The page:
Thursday, July 10, 2008

The FISA Affair: The Only Issue (Other Than, I Guess, Public Financing) That Barack Obama Has Truly Flip-Flopped On

Alright, so both the right and lefty blogospheres, along with the usual suspects in the MSM (that's mainstream media for blogophytes), have erupted with this whole Obama-is-tracking-to-right-for-political-expediency business. I have to say, I don't really see what the fuss is about (with one gigantic exception, which I'll explain below). The issues he's been accused of flip-flopping on are:

1. Public financing:

Obama initially elected to respect public financing, which basically translates into accepting taxpayer money (thus the "public" bit) with inherent limits attached to overall spending limits for the campaign. It promises a certain amount of essentially free money to a candidate, as long as said candidate accepts overall limits to spending. Obama, at first, pledged to respect it, if his opponent did.

Only one thing happened along the way: he discovered he was the greatest fundraiser - other than King Leopold - in human history, and what's more, he used slightly more humane ways than ol' Lepo, relying primarily on unheard of enthusiasm from grassroots supporters and slick and efficient use of the internet (one of the co-founders of Facebook, all of 24 years old, was in charge of Obama's website

Look. Let's say, on the one hand, you can have a halo around your head, and $85 million to spend. On the other hand, you can be a normal dude, and have $300 million to spend. Which would you rather be? Which would you rather your President be? Leaders need to be ruthless at times.

Ignoring all that, there's still two more important reasons this doesn't matter. First of all, I don't really understand how accepting taxpayer money is somehow more noble than being financed by largely small donations (less than $250) from grassroots people. Second, it's not like candidates can't be derailed by the infamous 527 groups - those organizations, which because of their official lack of affiliation with a candidate, are not subject to the same regulations as campaigns are. You will recall the extreme effectiveness of the Swift Boat Veterans for Truth, a 527 that ran a vicious ad campaign against John Kerry in 2004, largely filled with lies about Kerry's military record in Vietnam.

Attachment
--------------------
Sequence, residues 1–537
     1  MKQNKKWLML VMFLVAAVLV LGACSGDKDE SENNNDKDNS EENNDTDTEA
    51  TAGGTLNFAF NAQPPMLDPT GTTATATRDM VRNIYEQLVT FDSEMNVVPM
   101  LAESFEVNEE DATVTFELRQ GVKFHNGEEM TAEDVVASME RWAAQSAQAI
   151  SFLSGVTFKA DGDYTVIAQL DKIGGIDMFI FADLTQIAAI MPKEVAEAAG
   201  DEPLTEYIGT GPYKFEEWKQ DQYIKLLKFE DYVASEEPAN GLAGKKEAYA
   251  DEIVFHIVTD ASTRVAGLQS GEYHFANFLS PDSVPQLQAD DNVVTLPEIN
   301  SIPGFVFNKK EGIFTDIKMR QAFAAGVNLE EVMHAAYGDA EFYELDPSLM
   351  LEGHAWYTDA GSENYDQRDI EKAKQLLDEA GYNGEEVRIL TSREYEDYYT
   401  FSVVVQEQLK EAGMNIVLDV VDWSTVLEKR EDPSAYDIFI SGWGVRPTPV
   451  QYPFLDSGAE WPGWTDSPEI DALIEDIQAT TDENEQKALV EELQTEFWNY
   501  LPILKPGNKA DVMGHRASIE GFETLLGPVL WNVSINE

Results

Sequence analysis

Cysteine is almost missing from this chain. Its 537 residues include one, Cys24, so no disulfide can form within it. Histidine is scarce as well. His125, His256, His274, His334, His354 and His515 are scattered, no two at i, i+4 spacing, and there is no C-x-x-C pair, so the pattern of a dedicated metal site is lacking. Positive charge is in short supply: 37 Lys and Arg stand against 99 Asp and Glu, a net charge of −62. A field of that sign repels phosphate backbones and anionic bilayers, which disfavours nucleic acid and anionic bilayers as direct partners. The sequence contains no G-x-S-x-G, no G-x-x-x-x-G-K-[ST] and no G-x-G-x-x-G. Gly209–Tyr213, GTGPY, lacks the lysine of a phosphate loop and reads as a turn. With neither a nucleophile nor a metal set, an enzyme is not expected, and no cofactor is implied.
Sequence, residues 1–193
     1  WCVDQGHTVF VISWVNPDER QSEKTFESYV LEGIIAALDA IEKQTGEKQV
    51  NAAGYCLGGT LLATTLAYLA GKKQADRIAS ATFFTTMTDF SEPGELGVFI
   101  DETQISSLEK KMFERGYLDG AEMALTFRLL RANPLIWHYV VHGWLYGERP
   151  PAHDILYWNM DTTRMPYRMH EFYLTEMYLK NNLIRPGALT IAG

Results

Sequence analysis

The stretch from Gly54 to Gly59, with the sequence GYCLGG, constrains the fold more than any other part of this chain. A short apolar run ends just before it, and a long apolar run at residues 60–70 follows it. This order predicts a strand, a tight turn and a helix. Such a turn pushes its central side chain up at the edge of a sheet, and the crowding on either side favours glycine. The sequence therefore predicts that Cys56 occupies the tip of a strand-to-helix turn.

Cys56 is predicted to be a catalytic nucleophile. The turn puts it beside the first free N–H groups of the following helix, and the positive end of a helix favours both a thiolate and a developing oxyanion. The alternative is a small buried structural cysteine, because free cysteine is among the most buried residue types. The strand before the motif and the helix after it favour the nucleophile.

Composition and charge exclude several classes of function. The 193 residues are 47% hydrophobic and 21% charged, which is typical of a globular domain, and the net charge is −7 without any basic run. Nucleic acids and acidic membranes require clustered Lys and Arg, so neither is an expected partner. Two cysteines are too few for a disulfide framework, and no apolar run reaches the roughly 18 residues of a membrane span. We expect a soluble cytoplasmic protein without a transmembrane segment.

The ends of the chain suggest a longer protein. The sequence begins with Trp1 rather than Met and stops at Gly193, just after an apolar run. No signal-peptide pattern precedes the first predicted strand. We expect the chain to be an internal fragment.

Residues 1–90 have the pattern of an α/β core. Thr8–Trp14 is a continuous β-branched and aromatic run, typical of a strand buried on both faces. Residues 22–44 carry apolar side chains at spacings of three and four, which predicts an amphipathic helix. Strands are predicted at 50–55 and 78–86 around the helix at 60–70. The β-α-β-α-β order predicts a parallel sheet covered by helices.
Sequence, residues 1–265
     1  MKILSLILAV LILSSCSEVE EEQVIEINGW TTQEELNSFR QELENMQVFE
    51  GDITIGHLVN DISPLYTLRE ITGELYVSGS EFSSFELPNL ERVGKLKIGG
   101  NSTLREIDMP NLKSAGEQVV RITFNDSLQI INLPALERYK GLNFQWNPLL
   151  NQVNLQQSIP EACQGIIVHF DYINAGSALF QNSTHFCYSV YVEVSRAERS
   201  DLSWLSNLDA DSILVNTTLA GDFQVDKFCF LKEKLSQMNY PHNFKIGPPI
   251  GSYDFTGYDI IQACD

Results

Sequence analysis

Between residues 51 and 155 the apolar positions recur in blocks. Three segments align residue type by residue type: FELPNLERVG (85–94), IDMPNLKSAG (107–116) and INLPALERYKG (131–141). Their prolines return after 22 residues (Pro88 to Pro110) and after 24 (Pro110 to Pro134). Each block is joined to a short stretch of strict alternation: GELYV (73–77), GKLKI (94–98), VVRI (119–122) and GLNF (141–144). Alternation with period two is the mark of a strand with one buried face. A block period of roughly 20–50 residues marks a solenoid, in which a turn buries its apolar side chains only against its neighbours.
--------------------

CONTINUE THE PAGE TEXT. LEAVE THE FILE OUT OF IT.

So say Obama accepted public money, McCain did too, and some right-wing nutters launch an ad campaign against Obama labelling him a Black Muslim Communist Who Is Secretly Gay But Whose Fake Wife Also Happens To Hate 'Merica. Then what? Obama loses, and holier-than-thou Democrats sit at home. Alone. Again.

2. The war (the one on the left):

So Obama said the other day that he would continue to "refine" his policy on Iraq, particularly after meeting with military commanders on the ground. Obama, as you well know, has promised to end the war in Iraq and withdraw American forces in 16-to-18 months. The punditocracy, predictably, went insane. Dude had to call a second news conference to say exactly the same thing as he did before, but spell it out for the poor sods who constitute the media in the U.S. "Now, kids, do you see what this is? I'm holding an apple. Yeeesss. An apple. A for apple. Gooood. Also, there's a goddamn difference between strategy and tactics, you dipshits. You don't even have to have read Clausewitz to know that."